Just outside the city of Invercargill is Bluff, the cities port.  The main reason people frequent Bluff is to catch a ferry to Stewart Island  It's also where the Te Araroa trail ends.  It's where I should have ended my trek.  I had to go see it.


  This giant chain link sculpture symbolizes the Maori legend where the South Island is the canoe of Maui, and Stewart Island is the boat's anchor.  The chain disappears into the ocean and has a companion sculpture on Stewart Island.

Jeff standing beneath the arrow pointing toward the South Pole, from where he had just come.

 ... and me, a mixed bag of emotions, because this was not the way I had imagined getting here.  But I was glad to have gotten here just the same.

Tuesday, April 1, 2014

Dunedin: Campsites, "Caves," and Albatross

    Heading further south down the coast we spent the next couple of days traveling back and forth between a campsite called Trotters Gorge and Dunedin.  Speed was taking over my mind.  Speed and distance.   How was it possible to travel so fast, for so long? I felt like every second in the van was robbing me.  I felt like I was seeing in blurs.  Everything we passed was a fraction of an image at best and I wasn't feeling anything. I wasn't seeing anything.  I was missing it all.  I felt like the last player in a game of "crack the whip", being flung from place to place.  Getting in the van, out of the van, in the van, out of the van, whiz, zip, out of the van, in the van, pick some music, poor attempts at conversation because my mind couldn't focus on anything.  Everything was happening so fast, and it was all just too much.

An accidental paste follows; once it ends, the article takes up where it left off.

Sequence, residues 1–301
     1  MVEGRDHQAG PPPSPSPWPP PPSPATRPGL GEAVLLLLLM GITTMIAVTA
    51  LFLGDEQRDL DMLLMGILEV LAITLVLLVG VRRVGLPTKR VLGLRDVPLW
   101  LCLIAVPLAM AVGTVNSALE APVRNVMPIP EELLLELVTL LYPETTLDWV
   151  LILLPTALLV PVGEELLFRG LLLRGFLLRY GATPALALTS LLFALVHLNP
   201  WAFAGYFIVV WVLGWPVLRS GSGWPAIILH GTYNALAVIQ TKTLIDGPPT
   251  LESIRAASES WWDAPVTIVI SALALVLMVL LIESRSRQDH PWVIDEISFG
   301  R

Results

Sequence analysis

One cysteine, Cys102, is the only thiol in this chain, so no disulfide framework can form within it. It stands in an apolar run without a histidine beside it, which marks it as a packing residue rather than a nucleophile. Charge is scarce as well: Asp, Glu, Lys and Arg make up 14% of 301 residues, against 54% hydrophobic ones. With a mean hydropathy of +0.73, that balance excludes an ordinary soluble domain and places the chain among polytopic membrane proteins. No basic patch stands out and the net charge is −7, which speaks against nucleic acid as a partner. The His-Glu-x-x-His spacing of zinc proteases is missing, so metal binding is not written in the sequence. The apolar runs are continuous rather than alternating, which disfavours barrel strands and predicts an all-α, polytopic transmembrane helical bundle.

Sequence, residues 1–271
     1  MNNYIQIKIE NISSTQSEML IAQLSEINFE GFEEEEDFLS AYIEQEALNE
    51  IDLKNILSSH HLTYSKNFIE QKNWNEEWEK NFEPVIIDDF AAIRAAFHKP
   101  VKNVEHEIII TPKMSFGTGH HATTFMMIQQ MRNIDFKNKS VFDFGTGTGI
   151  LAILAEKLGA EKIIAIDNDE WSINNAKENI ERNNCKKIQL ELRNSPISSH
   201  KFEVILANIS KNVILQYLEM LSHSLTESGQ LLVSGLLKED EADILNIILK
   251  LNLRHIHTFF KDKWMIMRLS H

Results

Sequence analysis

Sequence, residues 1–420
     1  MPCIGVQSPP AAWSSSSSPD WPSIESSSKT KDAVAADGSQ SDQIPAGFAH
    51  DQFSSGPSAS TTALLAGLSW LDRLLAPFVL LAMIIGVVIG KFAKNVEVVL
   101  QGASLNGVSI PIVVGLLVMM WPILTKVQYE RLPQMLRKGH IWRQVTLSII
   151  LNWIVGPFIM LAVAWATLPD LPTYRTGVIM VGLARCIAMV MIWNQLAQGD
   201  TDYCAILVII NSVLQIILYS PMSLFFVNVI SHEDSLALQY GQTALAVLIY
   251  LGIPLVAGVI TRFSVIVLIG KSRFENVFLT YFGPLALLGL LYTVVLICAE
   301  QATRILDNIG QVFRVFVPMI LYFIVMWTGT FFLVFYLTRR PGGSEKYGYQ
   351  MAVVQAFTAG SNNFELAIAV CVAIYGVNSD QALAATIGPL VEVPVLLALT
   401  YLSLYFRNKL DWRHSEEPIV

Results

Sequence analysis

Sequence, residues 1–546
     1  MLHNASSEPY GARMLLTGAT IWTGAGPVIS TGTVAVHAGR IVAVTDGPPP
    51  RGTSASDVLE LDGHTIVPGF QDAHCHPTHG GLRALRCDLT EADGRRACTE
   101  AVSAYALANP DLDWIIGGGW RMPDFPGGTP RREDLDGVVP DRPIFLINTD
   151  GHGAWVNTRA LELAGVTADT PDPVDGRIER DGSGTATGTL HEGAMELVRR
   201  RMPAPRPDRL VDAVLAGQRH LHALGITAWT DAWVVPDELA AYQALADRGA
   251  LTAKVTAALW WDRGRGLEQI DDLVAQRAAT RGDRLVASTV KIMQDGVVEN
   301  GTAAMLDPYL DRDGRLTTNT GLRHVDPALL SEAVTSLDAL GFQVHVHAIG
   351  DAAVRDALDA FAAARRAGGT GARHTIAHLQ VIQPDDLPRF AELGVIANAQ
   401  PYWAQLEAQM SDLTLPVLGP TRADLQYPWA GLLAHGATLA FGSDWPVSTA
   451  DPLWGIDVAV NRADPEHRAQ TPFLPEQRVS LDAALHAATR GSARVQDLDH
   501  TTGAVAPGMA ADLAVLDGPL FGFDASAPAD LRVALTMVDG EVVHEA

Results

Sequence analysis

We would drive into a town, and rather than having the time to immerse myself in buildings and street names and funny little nuances found along the street, I had just enough time to navigate directions to a store, or destination, then we would be there, getting out of the van.

  I am sure of the fact that I was not the best company.  I apologized often for my erratic behavior, but it was all just much too much, for much too long.  I wanted to be on my feet again.  I wanted to stroll through the streets, and smile at children as I passed, having watched them living out the thoughts in their heads, the greatest thespians of life.  I wanted to eaves drop snippets of conversations because conversations are thoughts and I revel in the windows people open to let light into their minds.  I wondered what the blurry edged scenery we flew past would feel like under my boots, and what it smelled like when removed from the roadway.  I missed the bleating of sheep and the curious stares of cows.  I couldn't hear the birds from the cabin of the van.  I had been removed from my comforts, and I was feeling trapped.